‘As Iphigenie, Caitlin Hulcup is superb. Stern and refined as the priestess she hides a compassionate heart. She sings divinely and is in glorious form with a warm tone. She is always conscious of the phrasing and shaping of the vocal line and very dramatically moving and convincing. ... Tall, bearded, scruffy Orestes, tormented and heroic, was brilliantly played by baritone Grant Doyle. His solos are fabulous, especially fine was his singing of Le calme rentre dans mon coeur.’
Lynne Lancaster, Performing Arts Hub

‘In the title role, Caitlin Hulcup sings with a beautifully warm, full and focused tone, ever attentive to the possibilities of phrasing and shaping the vocal line, and is consistently dramatically convincing and moving. She is well matched by baritone Grant Doyle who brings incisive and heroic directness to the tormented Orestes. Particularly fine was his singing of Le calme rentre dans mon coeur.’
Michael Halliwell, The Conversation

Hulcup is a classic mezzo-soprano, with all the toasty timbre that implies. Amazingly, given her virtuosity on her native instrument, she started life as a violinist and violist and perhaps it’s this that has endowed her with an uncommon awareness and sympathy for the totality of the form, rather than the sometimes egocentric ambivalence one suspects pertains to the odd prima donna here or there. Even at full tilt, her control is flawless and modulation never falters. Better yet, even while upholding this gold standard of musicality, she is able to imbue a fulsome emotional range: trembling with fear; aching with sadness; shaking with anger. It’s a quietly consummate performance. Quietly consummate? Yes. It doesn’t succumb to the trappings and indulgences of being first lady: there are no over-egged histrionics, or ‘pushed’ notes. ... Like Hulcup, Doyle, a baritone, has a big voice and, like a hulking V8 in an old school, wide-tracked, gas-guzzling, befinned American car, one senses, thanks to lusty torque, plenty in reserve. Unlike one or two more celebrated ‘bassists’, too, his register sacrifices not one iota of diction. To boot, he’s a convincing actor, vividly portraying the torment of a man who’s killed his mother, for killing his father; an exercise in the most dubious of poetic justices.’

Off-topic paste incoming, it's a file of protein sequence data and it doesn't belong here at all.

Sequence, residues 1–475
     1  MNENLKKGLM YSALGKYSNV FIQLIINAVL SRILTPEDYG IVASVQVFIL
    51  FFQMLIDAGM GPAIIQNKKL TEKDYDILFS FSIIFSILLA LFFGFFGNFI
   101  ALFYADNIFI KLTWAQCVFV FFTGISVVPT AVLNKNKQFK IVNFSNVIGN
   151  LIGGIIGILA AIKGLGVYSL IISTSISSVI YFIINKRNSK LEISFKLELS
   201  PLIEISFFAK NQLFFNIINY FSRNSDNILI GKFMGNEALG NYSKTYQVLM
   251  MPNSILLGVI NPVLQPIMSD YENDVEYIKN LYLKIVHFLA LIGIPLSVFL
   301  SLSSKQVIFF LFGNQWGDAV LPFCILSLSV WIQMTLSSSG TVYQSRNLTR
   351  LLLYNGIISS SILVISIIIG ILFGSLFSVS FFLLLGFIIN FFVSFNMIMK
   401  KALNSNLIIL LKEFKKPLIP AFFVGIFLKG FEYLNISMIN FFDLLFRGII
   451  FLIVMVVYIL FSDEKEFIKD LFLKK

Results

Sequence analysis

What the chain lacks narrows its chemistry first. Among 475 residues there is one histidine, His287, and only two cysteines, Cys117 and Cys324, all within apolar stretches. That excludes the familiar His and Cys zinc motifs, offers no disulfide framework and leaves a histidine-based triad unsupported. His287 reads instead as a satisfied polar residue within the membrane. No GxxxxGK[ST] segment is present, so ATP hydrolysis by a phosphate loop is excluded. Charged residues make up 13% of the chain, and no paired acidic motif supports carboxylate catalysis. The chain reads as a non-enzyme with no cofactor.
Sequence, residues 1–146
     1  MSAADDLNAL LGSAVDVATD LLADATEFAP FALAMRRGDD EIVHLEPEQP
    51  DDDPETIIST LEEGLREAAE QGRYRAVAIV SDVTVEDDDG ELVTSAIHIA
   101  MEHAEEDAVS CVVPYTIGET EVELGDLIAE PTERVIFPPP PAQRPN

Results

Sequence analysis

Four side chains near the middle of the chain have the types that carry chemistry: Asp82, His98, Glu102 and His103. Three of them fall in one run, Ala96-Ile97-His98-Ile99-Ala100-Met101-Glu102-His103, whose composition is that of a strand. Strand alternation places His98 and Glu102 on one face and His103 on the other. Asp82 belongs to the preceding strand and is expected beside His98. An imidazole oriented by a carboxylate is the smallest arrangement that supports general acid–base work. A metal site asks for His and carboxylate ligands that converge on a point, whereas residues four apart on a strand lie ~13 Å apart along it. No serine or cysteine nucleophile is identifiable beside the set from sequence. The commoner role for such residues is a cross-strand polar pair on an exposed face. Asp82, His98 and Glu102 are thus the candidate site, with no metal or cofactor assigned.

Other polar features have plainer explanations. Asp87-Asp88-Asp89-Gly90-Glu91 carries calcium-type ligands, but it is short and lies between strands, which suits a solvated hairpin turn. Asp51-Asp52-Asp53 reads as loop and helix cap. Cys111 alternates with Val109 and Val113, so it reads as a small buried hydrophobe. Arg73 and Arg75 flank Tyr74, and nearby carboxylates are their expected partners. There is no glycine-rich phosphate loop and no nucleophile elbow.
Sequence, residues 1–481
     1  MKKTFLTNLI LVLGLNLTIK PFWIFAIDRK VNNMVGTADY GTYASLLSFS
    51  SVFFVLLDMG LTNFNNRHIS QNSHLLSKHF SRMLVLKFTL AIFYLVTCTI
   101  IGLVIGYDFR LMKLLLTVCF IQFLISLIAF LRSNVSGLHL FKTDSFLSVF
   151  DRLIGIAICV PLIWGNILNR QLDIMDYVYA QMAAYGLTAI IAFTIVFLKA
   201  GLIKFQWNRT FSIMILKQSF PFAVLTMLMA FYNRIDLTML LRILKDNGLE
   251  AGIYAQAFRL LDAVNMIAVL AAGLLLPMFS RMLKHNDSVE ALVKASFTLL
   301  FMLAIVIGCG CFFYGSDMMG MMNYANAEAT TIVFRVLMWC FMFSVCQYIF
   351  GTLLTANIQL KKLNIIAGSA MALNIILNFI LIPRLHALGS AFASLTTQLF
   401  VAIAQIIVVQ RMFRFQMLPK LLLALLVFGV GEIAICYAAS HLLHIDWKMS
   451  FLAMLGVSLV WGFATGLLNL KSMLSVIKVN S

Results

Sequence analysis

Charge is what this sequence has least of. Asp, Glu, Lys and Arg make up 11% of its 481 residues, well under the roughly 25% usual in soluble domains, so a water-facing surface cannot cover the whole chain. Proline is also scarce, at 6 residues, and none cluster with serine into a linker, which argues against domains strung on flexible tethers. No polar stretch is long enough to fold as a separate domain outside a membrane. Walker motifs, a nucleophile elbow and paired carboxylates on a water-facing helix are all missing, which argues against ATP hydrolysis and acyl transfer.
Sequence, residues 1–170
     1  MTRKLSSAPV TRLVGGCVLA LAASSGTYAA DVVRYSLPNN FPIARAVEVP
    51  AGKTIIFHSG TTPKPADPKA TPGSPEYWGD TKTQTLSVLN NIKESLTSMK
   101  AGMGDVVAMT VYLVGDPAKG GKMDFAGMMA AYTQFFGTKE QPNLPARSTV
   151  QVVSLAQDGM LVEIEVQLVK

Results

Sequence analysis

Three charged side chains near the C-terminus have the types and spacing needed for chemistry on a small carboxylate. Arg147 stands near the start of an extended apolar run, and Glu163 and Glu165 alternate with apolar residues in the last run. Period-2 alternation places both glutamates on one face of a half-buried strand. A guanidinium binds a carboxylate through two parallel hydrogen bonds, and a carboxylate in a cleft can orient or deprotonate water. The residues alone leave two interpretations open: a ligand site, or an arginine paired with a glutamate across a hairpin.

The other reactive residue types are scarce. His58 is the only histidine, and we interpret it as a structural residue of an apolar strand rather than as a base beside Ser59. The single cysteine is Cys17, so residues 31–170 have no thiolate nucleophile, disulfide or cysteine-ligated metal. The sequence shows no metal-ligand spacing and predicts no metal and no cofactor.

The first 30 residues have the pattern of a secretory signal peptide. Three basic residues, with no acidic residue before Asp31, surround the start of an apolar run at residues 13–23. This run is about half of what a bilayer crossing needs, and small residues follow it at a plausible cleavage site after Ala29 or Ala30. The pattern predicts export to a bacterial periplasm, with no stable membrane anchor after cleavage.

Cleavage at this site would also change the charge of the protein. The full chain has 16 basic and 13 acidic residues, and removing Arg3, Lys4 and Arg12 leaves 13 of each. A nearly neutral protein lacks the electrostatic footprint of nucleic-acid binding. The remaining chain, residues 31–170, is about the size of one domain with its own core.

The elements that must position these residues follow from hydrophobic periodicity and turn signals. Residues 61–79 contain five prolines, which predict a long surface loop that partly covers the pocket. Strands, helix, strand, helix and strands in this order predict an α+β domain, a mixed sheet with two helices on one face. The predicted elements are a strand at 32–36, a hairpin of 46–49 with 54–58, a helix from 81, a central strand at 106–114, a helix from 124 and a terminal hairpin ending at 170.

Lloyd Bradford Syke, Daily Review

‘The title role is huge, and Caitlin Hulcup’s performance of it was a true tour de force. She understood every nuance of the emotional fabric of the music. Her voice, mercurially capable of moving seamlessly from deep plangency to tender warmth, and indeed between an array of different feelings, was always true and vibrant, and always true to Gluck’s ideals; at the service of the drama. The arias in the opera are models of concision, [and] ... she has scenas which, though never flashy, demand a very special range of techniques to bring off. Caitlin Hulcup was mistress of them all. She was well supported ... baritone Grant Doyle as Oreste [who] acted superbly.’
Nicholas Routley, Australian Stage

Caitlin Hulcup is ideal in the title role as the unrecognised sister of Oreste serving as priestess: her poise, dignity, and beauty in form and voice yield great empathy.’
Jason Catlett, Sinfini Music

Photography by Keith Saunders.